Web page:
Three strikes and your car will be crushed: Greens’ response to congestion charge protesters

Jenny Jones, Green Party Assembly Member, supports the Mayor’s policy of impounding the vehicles of drivers who refuse to pay three sets of congestion charge fines, but wants Ken Livingstone to nip any protest campaign in the bud by taking an even harder line. Calls for non payment have come from Conservative Assembly Member, Angie Bray and Labour MP, Kate Hoey.

Jenny Jones said: “This silly minority of car drivers have to recognize that most Londoners want to give congestion charging a chance to work. London has been sliding into gridlock for years and people voted for congestion charging as the best chance of letting London breath again.”

Congestion charge protestors are making a comparison the new car charge are poll tax. Jenny Jones dismisses this comparison as ridiculous on several counts:.
• The Poll Tax was an imposition on the public which never enjoyed majority support, whereas opinion polls in London have consistently shown congestion charging has.
• The Poll Tax was imposed on everyone, whereas the 850,000 people who travel into central London by public transport everyday won’t have to pay it. Nor will those driving low emission vehicles, or riding bikes and motorbikes.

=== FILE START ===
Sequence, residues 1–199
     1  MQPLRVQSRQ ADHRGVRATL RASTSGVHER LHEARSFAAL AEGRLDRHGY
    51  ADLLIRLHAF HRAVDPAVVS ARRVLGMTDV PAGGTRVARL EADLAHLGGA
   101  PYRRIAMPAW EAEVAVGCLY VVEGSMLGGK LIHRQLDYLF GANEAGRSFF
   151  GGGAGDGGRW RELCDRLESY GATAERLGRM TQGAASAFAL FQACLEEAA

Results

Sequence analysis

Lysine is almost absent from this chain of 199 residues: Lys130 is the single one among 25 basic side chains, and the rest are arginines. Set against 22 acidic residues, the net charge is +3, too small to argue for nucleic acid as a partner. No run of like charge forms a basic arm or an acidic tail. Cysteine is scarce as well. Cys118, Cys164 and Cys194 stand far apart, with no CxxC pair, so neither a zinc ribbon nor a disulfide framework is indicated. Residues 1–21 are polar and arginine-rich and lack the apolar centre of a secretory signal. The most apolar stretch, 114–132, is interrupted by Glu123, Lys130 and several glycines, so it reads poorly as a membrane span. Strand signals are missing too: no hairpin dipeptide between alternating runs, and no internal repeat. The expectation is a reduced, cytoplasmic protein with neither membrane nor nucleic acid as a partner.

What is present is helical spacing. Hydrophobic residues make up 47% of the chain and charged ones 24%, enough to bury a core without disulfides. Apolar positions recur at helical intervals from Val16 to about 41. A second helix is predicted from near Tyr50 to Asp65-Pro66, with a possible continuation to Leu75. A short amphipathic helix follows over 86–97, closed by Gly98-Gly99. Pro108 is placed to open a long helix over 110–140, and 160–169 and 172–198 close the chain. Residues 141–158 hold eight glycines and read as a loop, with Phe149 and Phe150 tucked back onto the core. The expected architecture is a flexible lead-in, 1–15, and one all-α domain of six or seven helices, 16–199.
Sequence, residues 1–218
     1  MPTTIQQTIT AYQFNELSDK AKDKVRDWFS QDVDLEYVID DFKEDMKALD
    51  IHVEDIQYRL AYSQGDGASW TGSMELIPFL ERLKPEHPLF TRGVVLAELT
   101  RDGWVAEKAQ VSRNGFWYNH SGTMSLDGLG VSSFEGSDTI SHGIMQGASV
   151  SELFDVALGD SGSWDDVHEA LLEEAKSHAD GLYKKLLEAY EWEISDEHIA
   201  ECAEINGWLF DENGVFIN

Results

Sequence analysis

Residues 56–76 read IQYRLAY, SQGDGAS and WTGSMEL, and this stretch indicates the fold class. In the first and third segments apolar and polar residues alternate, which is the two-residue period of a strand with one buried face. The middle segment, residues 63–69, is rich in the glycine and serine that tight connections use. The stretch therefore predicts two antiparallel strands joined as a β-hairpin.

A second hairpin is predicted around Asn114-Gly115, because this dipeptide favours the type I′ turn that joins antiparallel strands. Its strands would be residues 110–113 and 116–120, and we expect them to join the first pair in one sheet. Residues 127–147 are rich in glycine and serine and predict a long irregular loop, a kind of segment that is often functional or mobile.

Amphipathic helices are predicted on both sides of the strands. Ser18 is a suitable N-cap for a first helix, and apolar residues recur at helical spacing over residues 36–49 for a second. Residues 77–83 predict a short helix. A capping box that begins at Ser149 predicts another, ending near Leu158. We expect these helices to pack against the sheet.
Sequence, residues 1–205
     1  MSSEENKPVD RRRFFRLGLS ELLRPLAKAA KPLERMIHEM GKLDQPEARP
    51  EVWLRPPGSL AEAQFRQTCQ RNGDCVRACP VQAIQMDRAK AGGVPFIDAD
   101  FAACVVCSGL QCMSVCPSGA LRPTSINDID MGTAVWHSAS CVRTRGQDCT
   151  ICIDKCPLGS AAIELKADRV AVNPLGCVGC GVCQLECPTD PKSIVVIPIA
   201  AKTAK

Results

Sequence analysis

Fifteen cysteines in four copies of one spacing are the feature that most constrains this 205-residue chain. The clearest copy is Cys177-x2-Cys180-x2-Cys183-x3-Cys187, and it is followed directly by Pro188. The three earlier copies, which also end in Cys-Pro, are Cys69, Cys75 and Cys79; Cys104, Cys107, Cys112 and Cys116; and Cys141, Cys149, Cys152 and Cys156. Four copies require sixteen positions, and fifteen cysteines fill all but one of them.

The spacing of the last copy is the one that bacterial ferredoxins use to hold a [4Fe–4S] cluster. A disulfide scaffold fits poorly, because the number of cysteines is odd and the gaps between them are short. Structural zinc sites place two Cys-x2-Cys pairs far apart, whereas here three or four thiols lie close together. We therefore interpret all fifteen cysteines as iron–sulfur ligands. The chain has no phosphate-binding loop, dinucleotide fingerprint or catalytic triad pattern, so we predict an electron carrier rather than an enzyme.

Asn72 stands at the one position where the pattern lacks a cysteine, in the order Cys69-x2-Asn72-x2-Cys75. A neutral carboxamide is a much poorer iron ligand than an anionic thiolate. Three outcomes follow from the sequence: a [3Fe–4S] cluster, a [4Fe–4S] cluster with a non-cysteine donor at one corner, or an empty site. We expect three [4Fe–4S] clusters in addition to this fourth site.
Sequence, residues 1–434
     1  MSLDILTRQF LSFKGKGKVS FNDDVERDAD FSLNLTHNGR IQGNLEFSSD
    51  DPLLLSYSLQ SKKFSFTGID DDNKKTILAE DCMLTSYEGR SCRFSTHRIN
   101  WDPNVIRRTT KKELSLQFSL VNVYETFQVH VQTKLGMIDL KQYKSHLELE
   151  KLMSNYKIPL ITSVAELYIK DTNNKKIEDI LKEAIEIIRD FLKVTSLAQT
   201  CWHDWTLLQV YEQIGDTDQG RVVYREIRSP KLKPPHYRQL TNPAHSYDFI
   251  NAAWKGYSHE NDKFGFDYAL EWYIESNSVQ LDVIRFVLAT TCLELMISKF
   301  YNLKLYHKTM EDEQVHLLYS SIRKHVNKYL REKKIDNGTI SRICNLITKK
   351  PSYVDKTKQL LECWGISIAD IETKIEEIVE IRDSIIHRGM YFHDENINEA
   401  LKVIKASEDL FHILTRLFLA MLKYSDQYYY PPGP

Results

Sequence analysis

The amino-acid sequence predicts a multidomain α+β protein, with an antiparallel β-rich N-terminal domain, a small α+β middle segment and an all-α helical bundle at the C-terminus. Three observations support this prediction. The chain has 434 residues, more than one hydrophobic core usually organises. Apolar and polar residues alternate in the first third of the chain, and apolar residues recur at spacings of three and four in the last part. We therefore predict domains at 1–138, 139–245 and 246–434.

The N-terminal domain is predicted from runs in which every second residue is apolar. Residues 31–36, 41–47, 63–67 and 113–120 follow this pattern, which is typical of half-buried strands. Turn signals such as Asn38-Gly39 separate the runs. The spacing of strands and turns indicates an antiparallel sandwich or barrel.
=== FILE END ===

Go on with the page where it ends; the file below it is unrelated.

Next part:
• This compares to the minority of 130,000 travellers who use a car paying the new charge, many of whom will be given discounts.
• The poorest Londoners simply don’t tend to drive around the West End during office hours. 85% of those people earning £20,000 or less, state that they have never driven around the zone during the hours of operation.
• The money raised (£130m pa) will be spent on bus improvements and road safety, both of which benefit the poorest people in London, more than the richest.

Jenny Jones added, “The congestion charge is not a regressive tax, as any money raised will fund the continuing improvement in buses, which Londoners are using more and more of. Finally, the congestion charge will hopefully reduce traffic, reduce emissions and make our streets nicer places. The only good thing the Poll Tax had going for it, was that it helped get rid of Margaret Thatcher.”



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